Knowledge happens via connections & relationships, deep dialog and emergence, not via the collection, arrangement, organization of information objects or access to personal tools.
Knowledge flourishes in an ecology, needs diversity exchanges and creative abrasion to be articulated and verified.
Makes you wonder how you might capture knowledge ... That seems to be something I hear too frequently as the rationale for knowledge management, either personal or corporate. Knowledge occurs in the gaps between facts and artifacts ...
There is always a struggle with initial wiki use by corporations. This is particularly so in environments that are enamoured with taxonomies and categorization. It is so tempting to try to preconcieve how a wiki will be used and to force it to work a certain way ... and it turns out that this is precisely the approach that makes it less a wiki and more likely to fail. Frank Carver puts it well:
Trust me, if you want people to contribute on a Wiki, give them a real blank page and actively encourage posting by making it as simple, obvious and unambiguous as possible. Look at c2.com. Look at my demo installation of my own Wiki software. Wiki is about freedom and simplicity. With the the possible exception of the formatting markup, Wiki technology nestles in a "sweet spot" of approachability, usability and power. Move away from that sweet spot in any direction, however well-intentioned, and you begin to lose or dilute the things that make it work.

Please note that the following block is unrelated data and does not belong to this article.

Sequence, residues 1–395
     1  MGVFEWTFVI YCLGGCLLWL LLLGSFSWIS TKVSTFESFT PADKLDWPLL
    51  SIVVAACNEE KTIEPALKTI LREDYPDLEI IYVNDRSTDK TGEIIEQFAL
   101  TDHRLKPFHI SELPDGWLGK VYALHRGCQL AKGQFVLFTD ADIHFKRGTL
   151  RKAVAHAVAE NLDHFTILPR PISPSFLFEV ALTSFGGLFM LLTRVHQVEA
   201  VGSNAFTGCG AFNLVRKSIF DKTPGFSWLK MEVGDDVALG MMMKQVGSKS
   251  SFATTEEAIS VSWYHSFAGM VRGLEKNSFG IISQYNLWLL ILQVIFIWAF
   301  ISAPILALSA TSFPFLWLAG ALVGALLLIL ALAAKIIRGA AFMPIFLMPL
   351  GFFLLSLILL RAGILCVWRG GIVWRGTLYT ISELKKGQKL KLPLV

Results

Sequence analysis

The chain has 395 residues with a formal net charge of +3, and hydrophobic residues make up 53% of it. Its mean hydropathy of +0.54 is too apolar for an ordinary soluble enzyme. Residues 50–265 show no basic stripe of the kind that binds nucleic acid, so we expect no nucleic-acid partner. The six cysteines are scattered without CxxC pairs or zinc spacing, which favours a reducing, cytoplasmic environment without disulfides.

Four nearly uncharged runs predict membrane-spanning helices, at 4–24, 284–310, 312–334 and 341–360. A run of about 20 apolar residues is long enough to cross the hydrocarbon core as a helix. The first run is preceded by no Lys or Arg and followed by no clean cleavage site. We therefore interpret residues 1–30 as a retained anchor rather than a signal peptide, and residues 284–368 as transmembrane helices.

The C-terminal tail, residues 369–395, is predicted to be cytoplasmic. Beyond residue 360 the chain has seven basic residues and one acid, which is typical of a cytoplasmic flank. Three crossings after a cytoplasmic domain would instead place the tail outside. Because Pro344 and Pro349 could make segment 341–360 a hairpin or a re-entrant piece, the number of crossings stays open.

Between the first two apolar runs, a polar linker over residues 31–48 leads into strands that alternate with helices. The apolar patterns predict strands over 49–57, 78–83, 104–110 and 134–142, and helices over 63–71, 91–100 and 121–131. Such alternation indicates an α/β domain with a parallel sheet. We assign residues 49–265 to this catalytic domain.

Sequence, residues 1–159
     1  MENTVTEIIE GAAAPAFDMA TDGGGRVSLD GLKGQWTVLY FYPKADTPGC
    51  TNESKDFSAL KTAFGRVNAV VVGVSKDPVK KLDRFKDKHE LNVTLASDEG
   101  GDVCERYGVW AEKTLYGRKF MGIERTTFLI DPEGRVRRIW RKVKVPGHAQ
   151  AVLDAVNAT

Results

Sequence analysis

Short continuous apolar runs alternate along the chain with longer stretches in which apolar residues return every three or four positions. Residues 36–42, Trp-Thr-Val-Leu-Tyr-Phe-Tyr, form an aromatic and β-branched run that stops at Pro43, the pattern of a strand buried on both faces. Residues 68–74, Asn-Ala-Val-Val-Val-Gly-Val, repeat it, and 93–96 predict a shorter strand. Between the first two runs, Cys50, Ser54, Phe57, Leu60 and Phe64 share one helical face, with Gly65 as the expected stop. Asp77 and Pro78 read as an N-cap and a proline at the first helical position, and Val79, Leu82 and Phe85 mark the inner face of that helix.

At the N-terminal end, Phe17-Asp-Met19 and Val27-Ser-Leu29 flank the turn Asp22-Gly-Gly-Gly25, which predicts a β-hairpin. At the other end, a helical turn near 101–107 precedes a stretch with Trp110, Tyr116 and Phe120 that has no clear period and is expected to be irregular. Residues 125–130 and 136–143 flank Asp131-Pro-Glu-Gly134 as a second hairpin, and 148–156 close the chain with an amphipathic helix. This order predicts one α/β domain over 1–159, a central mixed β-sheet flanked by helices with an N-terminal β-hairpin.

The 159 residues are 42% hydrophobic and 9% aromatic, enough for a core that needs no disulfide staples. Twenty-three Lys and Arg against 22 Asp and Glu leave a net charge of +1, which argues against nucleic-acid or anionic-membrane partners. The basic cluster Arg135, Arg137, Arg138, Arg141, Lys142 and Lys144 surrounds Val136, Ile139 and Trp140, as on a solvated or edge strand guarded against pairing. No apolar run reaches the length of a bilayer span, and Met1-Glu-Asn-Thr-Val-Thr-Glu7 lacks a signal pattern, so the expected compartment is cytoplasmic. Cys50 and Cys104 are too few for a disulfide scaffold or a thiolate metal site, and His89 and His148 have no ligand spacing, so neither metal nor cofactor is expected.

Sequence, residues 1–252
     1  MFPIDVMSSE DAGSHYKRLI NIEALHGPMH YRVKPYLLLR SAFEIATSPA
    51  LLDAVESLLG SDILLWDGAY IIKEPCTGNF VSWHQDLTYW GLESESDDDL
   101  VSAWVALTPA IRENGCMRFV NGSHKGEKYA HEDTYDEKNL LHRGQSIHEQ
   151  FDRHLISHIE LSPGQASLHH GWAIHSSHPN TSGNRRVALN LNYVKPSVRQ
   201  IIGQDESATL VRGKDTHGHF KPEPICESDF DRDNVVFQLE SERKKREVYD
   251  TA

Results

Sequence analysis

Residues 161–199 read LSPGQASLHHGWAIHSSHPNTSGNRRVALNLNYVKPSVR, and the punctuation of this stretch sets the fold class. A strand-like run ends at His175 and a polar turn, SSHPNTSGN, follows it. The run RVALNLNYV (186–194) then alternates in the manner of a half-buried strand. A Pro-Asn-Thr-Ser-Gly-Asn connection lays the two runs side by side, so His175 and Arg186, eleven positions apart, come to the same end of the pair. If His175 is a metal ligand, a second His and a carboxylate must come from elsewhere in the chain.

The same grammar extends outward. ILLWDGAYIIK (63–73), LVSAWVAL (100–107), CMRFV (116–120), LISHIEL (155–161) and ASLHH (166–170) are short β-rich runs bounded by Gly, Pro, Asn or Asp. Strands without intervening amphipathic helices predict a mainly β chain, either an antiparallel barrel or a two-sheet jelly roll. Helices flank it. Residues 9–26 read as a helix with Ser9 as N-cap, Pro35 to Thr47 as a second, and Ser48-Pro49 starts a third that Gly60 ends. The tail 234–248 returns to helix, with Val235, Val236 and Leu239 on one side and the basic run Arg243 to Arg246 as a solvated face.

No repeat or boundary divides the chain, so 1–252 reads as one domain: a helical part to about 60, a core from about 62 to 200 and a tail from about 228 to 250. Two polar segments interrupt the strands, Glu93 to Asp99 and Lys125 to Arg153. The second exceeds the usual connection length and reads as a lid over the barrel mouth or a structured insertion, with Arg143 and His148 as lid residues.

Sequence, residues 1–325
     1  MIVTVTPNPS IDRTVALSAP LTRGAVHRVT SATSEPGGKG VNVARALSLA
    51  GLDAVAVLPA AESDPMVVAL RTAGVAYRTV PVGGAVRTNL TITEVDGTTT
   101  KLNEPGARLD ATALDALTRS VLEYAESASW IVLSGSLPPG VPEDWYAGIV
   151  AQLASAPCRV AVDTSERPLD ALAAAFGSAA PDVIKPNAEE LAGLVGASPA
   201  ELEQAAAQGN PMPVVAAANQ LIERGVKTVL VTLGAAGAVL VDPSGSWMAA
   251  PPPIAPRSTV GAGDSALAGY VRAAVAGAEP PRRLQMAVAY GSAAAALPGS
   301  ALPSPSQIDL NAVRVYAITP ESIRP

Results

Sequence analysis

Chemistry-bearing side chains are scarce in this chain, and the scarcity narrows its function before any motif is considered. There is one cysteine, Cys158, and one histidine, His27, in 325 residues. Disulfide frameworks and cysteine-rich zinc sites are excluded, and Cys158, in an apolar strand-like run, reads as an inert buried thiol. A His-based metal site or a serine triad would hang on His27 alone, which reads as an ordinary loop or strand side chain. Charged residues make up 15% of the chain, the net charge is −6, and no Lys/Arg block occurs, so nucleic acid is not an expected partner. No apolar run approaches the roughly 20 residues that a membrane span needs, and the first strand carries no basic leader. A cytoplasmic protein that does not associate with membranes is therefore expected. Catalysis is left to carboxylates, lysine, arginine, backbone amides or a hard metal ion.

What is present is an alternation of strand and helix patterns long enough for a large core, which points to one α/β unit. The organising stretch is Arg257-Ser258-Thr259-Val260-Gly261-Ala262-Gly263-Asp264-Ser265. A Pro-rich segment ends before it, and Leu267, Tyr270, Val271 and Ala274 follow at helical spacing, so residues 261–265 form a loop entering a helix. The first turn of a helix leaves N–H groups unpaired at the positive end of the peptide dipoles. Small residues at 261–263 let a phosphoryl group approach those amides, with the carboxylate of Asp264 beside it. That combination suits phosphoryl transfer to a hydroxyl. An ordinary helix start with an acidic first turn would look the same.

As you work to establish a wiki in your organization, you are more likely to succeed if you make adding / editing dead easy.
Ng Pheng Siong at render-blog muses about how external editors can be more seamlessly integrated into a Wiki browsing experience. His solution is to have the wiki server download the page as a separate mime type which gets passed off to a helper app that loads the editor after parsing the page.
I have been thinking about doing something similar for TWiki but am trying to find a way to do this without having to make any backend changes to the TWiki skins. If this is possible, it would have the benefit of allowing a wider range of users to edit TWiki this way.
One approach that I have played with would be to turn editTwiki or editMoin into a small webserver and then use a bookmarklet to redirect the current page's url to that local webserver, which would then launch the editor. Its more overhead, but would then work with a larger set of installed wikis.